Pubdate: Thu, 21 Apr 2016
Source: National Post (Canada)
Page: A4
Copyright: 2016 Canwest Publishing Inc.
Author: Brian Hutchinson


25,000 On 4/20 Seem To Think It's Already Legal

'Doobies," the dude shouted Wednesday morning, from an empty stage.
"There will be doobies. Lots of them." He paused, looked around. "Free
doobies, for anyone here."

The dude was getting bummed. There were few doobie-takers outside the
Vancouver Art Gallery, traditional home of what's become an annual
marijuana celebration. It's also known as 4/20, for the date on which
it falls.

There were bewildered tourists, mostly, and local business people and
random passers-by. A dozen police officers were on hand. They looked

The real action Wednesday was down at the beach, near English Bay,
where the city's dialed-in 4/20 promoters were staging a massive,
open-air marijuana market and rally, perhaps the largest ever seen in

About 180 vendors paid organizers $300 each for the right to set up a
booth and sell, sell, sell to the public: combustibles, edibles,
cannabis products of all kinds. And no rules. There was no event
permit, because none was required, despite an anticipated crowd of
25,000 to 50,000.

Dozens more entrepreneurs threw up booths in an adjacent parking lot,
a designated rent-free zone. Hawkers paced the grounds, selling loose
joints and cookies to anyone with cash. There was the odd sign posted,
asking vendors not to sell to minors. Based on the throng of
spaced-out high schoolers wandering the beach Wednesday, not everyone
heeded the call.

The City of Vancouver has never sanctioned the annual 4/20 event;
officials always look the other way, with taxpayers footing overtime
bills for police, firefighters and paramedics. But after a debacle
last year at the art gallery that saw car traffic snarl and 100 pot
consumers require hospital care, authorities told 4/20 organizers to
move it along.

Hence the controversial switch this year to Sunset Beach, a
postcard-perfect setting with a popular seawall and views of
snow-capped coastal mountain. And a smoking ban that - on Wednesday -
was completely ignored.

Bylaw enforcement personnel were helpless; the 4/20 crowd was too
large to handle.

Marijuana as a recreational drug is illegal in Canada, but the laws
don't really apply any more, at least not on the West Coast, where pot
can be bought almost everywhere, city-regulated stores included.

Vancouver Mayor Gregor Robertson insists on calling the shops "medical
marijuana dispensaries," but that's a ruse; a quick referral and note
from any compliant naturopath are all that's required of a person
wanting pot.

Events such as 4/20 make it even easier. People can buy in bulk, and
they do.

"It 's all about making money," said a vendor named Glen, as his young
colleague inhaled a morning "dab" of concentrated THC.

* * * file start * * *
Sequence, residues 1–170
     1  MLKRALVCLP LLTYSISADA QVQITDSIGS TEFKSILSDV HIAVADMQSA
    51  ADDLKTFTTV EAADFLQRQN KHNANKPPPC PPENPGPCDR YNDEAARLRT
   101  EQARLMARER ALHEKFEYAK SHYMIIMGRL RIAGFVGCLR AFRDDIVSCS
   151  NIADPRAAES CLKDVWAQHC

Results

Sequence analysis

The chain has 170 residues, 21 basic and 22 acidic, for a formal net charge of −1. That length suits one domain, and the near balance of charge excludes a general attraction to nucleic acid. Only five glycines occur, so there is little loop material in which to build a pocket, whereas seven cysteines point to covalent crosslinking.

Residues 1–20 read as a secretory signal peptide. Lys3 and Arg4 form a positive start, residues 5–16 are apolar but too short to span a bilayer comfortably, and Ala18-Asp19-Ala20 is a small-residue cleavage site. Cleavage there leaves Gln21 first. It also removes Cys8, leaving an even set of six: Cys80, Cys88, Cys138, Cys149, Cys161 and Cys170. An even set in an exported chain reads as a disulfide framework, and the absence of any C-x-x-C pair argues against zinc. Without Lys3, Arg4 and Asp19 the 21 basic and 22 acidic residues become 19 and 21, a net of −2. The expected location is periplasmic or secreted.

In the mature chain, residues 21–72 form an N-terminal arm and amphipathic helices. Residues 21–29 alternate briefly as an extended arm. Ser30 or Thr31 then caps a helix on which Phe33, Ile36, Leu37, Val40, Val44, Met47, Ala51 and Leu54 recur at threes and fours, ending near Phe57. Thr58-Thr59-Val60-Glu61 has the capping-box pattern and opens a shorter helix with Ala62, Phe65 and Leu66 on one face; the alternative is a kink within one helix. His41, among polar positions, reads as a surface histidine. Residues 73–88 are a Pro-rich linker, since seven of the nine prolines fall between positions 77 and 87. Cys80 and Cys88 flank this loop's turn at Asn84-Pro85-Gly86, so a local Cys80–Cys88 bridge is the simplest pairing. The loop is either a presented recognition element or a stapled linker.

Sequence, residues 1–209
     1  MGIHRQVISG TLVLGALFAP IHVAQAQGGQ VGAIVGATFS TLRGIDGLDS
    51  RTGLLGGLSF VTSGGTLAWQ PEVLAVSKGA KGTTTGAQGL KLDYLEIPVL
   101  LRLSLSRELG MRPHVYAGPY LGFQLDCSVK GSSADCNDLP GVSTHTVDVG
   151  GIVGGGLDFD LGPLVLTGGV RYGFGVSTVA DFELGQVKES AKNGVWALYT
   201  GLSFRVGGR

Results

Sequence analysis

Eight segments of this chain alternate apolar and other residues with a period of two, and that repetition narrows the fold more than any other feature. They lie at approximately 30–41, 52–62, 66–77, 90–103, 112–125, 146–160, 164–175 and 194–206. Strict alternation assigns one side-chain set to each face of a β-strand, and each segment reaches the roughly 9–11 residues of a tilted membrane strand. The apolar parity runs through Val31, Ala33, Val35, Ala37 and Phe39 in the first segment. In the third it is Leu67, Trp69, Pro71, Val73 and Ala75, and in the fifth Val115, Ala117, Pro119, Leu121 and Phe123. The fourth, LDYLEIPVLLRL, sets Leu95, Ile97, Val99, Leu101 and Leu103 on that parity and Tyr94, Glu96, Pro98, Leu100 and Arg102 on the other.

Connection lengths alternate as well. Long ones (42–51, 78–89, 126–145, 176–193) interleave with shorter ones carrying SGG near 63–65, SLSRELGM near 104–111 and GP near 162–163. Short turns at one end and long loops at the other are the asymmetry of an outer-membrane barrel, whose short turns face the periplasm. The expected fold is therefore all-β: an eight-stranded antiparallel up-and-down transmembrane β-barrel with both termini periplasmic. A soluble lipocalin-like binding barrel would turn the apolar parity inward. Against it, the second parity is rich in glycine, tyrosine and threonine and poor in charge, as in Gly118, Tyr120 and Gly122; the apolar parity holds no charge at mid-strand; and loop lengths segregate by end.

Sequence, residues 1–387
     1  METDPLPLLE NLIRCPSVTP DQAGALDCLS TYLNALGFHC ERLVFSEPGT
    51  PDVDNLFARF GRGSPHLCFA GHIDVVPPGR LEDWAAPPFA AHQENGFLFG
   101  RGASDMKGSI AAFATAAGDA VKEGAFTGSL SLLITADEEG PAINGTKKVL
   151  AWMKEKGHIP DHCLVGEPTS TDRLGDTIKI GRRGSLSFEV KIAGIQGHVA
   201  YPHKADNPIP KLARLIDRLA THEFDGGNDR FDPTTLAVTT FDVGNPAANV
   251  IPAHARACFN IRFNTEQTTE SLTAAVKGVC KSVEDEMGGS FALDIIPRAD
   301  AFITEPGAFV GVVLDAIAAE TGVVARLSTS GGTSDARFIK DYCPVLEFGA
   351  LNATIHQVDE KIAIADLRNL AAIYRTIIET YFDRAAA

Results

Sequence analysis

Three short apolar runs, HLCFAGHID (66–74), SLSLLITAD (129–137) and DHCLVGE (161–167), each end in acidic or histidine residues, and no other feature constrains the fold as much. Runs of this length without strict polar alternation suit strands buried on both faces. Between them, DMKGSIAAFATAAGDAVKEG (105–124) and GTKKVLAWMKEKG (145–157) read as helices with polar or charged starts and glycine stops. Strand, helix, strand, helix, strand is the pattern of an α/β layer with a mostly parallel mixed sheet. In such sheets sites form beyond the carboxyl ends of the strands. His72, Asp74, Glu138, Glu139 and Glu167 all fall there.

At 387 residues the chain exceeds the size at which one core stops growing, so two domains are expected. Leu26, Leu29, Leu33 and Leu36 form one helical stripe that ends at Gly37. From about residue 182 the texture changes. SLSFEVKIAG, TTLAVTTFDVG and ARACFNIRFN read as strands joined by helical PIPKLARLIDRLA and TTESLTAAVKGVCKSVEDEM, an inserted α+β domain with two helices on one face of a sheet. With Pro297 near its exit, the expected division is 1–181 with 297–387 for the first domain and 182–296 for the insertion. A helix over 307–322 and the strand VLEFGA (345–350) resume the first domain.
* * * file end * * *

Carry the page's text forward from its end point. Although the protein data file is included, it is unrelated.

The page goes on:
Earlier Wednesday, to commemorate 4/20 festivities across Canada,
federal Health Minister Jane Philpott told the United Nations
legislation to legalize marijuana will be introduced next year. The
announcement meant nothing here.

"The government is repeating what they've already said, that it will
legalize cannabis," said Jodie Emery, a prominent figure in
Vancouver's pro-pot movement. "It's not breaking news."

No surprise either, were results of a survey released Wednesday by the
Angus Reid Institute.

"More than two-in-three Canadians (68 per cent) say marijuana should
be made legal, and roughly the same number (64 per cent) say
legalization will do more good than harm in the long run," the
institute reported.

More than 41 per cent of Canadians would like to see marijuana
"legalized, but tightly controlled by government," according to the
Angus Reid survey.

That's a pipe dream, at least in this part of Canada: When it comes 
to marijuana, Vancouver seems outside government control.

Which may be vindication for some, such as Emery, who with her husband
Marc actively encourage adults to use cannabis. Just be civil, she
says: "Don't blow smoke in people's faces."

Emery was in her element Wednesday. If she had one worry, it was the
size of the 4/20 crowd.

"This is way bigger than anything we've ever done before," she said,
surveying the scene.

Sitting at a park bench nearby was her nemesis, Sarah Kirby-Yung.
Sunset Beach is a park, and KirbyYung is the Vancouver Park Board's

What, if anything, did she like about the 4/20 event unfolding in
front of her? Nothing, Kirby-Yung replied.

"It's the board's goal to ensure it's not coming back next year, to
this or any other park," she said.

The board has its work cut out for it. The city dumped 4/20 on
Kirby-Yung and her colleagues, and there's no reason to think it won't
do the same next year. There will be doobies, like the dude said. Lots
of them.  
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MAP posted-by: Jo-D